Returning again to
The foregoing disclosure and description of the disclosed embodiments is illustrative and explanatory of the embodiments of the invention. Various changes in the details of the illustrated embodiments can be made within the scope of the appended claims without departing from the true spirit of the disclosure.
1. A computer-implemented method for image object recognition and captioning, comprising:
- loading a pre-trained model into a multi-layer Recurrent Highway Network;
- receiving a digital image input on which to perform object recognition, the digital image input containing one or more objects;
- batch normalizing the digital image input by applying one or more non-linear transforms to the digital image input to generate transform outputs from the multi-layer Recurrent Highway Network; and
- combining the transform outputs to generate a final output from the multi-layer Recurrent Highway Network, wherein the final output comprises a caption describing the one or more objects recognized in the digital image input.
2. The method of claim 1 wherein the pre-trained model contains parameters for the computing network nodes.
3. The method of claim 1 wherein the multi-layer neural network is a batch-normalized Recurrent Highway Network.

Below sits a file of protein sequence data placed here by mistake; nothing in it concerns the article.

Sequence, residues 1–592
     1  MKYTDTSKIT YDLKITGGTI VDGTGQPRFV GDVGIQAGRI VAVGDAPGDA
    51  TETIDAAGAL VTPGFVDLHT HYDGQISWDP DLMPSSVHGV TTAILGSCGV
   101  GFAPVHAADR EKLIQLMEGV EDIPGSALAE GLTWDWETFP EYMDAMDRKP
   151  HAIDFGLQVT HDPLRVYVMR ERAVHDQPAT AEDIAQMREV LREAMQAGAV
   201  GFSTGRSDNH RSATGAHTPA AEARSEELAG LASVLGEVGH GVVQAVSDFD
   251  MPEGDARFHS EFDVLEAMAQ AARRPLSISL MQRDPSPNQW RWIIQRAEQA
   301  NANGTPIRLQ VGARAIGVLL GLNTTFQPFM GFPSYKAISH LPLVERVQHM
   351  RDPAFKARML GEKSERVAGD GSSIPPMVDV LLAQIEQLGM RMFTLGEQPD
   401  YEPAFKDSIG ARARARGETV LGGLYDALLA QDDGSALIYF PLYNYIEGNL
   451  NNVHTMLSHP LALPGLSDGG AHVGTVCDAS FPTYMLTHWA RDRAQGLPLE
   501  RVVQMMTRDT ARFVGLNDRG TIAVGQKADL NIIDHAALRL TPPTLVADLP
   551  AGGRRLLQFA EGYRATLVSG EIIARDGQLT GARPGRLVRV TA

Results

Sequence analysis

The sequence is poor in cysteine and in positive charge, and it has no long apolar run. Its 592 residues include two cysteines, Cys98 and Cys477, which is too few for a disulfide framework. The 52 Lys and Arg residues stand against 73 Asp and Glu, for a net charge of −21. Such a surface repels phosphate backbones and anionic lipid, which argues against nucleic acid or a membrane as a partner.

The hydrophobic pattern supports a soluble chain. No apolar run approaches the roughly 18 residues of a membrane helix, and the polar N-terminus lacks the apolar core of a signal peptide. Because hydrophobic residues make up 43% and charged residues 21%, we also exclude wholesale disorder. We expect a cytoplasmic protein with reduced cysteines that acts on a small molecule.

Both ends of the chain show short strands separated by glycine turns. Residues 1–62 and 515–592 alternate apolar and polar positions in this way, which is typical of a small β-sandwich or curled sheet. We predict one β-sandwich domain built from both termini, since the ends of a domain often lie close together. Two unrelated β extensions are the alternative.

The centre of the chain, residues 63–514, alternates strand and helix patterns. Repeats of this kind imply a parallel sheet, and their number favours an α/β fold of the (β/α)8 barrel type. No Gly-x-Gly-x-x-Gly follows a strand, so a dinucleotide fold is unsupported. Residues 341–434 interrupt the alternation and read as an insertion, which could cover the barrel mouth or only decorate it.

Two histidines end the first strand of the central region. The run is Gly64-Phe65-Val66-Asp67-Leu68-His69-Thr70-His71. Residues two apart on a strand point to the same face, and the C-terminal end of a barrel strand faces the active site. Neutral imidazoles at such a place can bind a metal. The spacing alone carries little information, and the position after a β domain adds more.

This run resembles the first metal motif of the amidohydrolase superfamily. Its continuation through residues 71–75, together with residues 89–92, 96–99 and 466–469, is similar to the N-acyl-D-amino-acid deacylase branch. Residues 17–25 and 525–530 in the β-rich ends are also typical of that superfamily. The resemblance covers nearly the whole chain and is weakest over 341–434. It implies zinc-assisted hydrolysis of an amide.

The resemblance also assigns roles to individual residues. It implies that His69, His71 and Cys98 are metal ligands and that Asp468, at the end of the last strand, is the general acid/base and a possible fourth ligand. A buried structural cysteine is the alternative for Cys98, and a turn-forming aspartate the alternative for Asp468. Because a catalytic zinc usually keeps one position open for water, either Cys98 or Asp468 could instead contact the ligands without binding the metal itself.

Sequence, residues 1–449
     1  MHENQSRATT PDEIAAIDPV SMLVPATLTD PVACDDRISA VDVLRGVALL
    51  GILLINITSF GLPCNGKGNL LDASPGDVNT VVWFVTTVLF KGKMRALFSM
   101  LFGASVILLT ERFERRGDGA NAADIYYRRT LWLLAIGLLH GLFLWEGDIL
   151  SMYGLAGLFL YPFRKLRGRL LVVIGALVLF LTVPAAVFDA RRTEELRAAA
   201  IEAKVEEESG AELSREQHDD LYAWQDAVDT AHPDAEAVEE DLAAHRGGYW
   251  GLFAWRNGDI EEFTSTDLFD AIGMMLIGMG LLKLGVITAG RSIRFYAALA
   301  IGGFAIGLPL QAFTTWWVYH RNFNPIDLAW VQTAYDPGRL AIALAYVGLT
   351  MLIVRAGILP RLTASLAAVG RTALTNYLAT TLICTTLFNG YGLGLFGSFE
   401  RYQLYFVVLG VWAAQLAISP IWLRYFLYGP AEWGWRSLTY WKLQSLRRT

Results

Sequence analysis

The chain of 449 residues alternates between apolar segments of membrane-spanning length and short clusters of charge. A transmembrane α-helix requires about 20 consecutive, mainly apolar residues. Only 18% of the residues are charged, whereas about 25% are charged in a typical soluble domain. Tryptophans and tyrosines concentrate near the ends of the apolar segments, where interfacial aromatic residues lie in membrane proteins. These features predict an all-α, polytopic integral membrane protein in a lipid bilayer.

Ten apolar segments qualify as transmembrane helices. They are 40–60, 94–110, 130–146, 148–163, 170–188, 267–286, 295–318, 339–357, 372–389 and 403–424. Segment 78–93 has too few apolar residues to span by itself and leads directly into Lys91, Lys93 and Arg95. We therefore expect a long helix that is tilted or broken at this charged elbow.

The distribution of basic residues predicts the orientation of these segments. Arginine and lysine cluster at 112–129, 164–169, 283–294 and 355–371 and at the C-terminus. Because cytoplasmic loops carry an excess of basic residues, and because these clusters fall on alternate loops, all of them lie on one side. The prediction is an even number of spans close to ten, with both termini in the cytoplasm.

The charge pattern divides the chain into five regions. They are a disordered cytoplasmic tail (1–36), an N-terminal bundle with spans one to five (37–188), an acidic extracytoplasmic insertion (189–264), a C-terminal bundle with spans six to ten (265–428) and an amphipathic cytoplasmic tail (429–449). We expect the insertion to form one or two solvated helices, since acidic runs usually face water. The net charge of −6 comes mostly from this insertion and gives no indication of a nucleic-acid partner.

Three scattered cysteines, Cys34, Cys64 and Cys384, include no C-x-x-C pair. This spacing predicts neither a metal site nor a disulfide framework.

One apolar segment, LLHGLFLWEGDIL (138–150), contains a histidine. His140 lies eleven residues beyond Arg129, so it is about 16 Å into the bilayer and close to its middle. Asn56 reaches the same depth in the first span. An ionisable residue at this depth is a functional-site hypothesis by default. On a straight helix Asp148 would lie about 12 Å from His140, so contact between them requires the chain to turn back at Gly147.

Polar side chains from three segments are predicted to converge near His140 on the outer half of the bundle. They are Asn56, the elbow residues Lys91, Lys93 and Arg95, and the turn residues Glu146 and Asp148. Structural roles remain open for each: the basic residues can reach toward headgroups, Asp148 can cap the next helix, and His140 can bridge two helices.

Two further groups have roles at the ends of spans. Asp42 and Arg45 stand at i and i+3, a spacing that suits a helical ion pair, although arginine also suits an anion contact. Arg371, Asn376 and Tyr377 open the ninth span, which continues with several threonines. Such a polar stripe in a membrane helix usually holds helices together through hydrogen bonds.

4. The method of claim 3 wherein the constraints within the Recurrent Highway Network are relaxed to reduce or avoid gradient vanishing or exploding by normalizing the current transition units in highway layers.
5. The method of claim 4, wherein a gradient norm clipping strategy is adopted to improve language semantics of the caption.
6. A computer-implemented method for image object recognition and captioning, comprising:
- receiving a digital image input on which to perform object recognition, the digital image input containing one or more objects;
- batch normalizing the digital image input by applying one or more non-linear transforms to the digital image input to generate transform outputs from a multi-layer Recurrent Highway Network, wherein batch normalizing occurs at one or more highway layers of the multi-layer Recurrent Highway Network, wherein the one or more highway layers comprise a transform gate and a carry gate, and wherein the transform gate is coupled to the carry gate; and